Storm of disapproval on social media over rider who sued his accusers

Car maker Ford has taken down from YouTube a video clip for its latest Mustang that features Kayle Leogrande, the tattooed former pro whose conviction for doping led to the investigation and eventual downfall of Lance Armstrong.

The clip, called 'For The Love' features Leogrande driving the new car and talking about his love of the road and how travelling together provides a chance to be together for him and his wife Chelsea.

While Ford has taken the clip down from YouTube, it's still available on the company's own website, though we suspect that won't last long.

The video features lots of shots of implausibly empty roads and of Chelsea Leogrande, a professional photographer, in the role of silent decoration.

Using a convicted doper in your marketing would seem like an obviously bad idea, except perhaps to Ford's marketing team.

Negative reaction on social media was swift and vocal after RaceRadio noticed the video and tweeted:

Coach Adam Myerson's reaction was typical:

Much of the opprobrium was aimed directly at Ford:

The 'supporting role' played by Chelsea Leogrande didn't go unnoticed either:

Leogrande was one of the first cyclists to be sanctioned for doping without a positive test. He confessed to Rock Racing team soigneur Suzanne Sonye that he was worried about testing positive and Sonye alerted the US Anti-Doping Agency.

The evidence against Leogrande included the testimony of another convicted doper, Joe Papp, and included a photograph of Leogrande with a handful of vials of EPO. In 2008, Leogrande was suspended for two years.

He attempted to sue the USADA, Sonye, Papp and former pro Matt Decanio for defamation, but the case against Sonye was dismissed and Leogrande was ordered to pay her legal costs, financially crippling him. The Armstrong-style tactic of suing his accusers fuelled the strong negative attitudes toward Leogrande in the reaction to the Ford video.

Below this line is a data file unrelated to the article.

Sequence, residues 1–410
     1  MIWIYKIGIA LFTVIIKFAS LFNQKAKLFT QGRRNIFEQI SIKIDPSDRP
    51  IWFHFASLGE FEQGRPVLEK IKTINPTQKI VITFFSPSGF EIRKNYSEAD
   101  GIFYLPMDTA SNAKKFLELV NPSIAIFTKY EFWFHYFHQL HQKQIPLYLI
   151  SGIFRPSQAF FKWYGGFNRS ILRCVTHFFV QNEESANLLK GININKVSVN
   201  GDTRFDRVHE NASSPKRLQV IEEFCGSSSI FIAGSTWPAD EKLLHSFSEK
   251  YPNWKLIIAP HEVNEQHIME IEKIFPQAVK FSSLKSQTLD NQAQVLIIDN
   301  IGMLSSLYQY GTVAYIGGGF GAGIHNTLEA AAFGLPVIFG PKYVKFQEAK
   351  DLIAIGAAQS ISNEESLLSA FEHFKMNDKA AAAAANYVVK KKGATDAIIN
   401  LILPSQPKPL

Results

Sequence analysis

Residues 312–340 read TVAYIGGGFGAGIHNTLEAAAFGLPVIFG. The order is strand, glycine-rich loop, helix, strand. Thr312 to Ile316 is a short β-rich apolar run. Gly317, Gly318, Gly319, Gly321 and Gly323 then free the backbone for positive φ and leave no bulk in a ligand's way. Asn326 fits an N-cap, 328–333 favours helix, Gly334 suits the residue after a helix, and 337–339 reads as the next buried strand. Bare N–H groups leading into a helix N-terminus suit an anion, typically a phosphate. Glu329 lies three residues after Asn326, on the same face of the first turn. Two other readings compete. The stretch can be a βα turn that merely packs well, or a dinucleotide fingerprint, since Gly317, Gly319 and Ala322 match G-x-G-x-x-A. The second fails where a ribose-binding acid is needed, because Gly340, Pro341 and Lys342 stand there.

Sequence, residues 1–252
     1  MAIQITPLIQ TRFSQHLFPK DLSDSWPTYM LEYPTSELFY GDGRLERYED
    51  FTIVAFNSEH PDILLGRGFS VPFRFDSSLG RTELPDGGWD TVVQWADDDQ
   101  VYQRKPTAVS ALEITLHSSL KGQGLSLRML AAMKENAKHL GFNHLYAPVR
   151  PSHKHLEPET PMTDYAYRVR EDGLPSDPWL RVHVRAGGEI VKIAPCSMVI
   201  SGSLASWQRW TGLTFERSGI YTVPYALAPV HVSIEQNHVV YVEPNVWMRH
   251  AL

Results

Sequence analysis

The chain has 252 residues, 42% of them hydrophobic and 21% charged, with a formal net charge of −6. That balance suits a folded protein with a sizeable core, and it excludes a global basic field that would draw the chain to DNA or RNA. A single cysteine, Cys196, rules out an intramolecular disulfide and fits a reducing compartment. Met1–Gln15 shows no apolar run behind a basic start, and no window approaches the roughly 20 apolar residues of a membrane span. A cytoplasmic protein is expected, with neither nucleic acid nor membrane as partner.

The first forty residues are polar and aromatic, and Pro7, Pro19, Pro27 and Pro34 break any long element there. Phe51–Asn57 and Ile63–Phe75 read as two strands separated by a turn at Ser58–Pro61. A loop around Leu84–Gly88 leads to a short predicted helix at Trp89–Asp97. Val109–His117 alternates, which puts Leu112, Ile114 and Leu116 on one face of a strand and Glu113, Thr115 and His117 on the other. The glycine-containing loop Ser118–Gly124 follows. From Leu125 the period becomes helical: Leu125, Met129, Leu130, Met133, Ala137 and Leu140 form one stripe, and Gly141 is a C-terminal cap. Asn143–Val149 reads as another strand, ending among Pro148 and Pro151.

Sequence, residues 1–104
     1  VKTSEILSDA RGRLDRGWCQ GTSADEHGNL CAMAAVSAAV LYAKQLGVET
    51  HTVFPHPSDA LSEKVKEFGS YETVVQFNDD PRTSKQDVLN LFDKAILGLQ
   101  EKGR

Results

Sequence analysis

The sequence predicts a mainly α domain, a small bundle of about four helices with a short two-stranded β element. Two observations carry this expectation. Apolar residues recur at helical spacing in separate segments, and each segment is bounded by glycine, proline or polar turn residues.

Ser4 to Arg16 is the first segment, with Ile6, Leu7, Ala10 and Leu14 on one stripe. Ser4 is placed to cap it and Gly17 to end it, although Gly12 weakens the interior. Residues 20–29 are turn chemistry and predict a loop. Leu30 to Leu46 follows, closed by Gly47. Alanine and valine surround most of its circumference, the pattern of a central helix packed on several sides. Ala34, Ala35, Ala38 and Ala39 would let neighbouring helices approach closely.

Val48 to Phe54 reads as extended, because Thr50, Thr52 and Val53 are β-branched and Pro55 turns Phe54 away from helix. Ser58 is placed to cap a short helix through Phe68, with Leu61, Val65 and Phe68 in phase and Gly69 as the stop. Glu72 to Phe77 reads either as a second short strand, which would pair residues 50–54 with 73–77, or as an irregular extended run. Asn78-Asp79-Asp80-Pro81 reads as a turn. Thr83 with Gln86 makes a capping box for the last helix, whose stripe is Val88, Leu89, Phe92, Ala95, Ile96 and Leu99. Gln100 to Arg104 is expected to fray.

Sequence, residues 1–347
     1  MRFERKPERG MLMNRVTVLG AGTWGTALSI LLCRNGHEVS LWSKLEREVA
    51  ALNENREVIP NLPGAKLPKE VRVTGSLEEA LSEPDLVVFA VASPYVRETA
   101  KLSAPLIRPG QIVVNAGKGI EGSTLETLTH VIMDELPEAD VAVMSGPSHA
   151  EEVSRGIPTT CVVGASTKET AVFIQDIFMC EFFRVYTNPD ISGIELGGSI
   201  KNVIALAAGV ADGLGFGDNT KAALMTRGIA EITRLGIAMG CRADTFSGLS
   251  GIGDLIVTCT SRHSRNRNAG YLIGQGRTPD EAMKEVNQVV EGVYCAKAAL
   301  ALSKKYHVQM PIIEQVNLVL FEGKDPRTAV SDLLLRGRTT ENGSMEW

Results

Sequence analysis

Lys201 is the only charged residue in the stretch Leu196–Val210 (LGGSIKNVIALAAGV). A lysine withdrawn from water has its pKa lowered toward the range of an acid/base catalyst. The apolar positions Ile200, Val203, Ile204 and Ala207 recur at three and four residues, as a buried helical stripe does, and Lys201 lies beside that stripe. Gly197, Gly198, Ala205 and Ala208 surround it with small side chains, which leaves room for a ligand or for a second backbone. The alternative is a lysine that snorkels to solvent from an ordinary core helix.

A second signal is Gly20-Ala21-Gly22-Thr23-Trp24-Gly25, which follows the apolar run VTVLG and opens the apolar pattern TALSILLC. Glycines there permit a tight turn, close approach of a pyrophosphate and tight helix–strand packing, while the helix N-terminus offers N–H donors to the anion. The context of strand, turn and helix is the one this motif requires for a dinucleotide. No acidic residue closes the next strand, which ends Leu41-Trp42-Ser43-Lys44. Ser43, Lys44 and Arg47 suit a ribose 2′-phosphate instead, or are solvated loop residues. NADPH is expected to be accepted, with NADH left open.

Obtaining a doping conviction against Leogrande without a positive test encouraged USADA to investigate persistent rumours of doping on Lance Armstrong's US Postal and Discovery Channel teams.

In 2012 USADA chief Travis Tygart told the New York Times: “Without Leogrande, who knows, the Armstrong investigation maybe never would have happened.”

Our official grumpy Northerner, John has been riding bikes for over 30 years since discovering as an uncoordinated teen that a sport could be fun if it didn't require you to catch a ball or get in the way of a hulking prop forward.

Road touring was followed by mountain biking and a career racing in the mud that was as brief as it was unsuccessful.

Somewhere along the line came the discovery that he could string a few words together, followed by the even more remarkable discovery that people were mug enough to pay for this rather than expecting him to do an honest day's work. He's pretty certain he's worked for even more bike publications than Mat Brett.

The inevitable 30-something MAMIL transition saw him shift to skinny tyres and these days he lives in Cambridge where the lack of hills is more than made up for by the headwinds.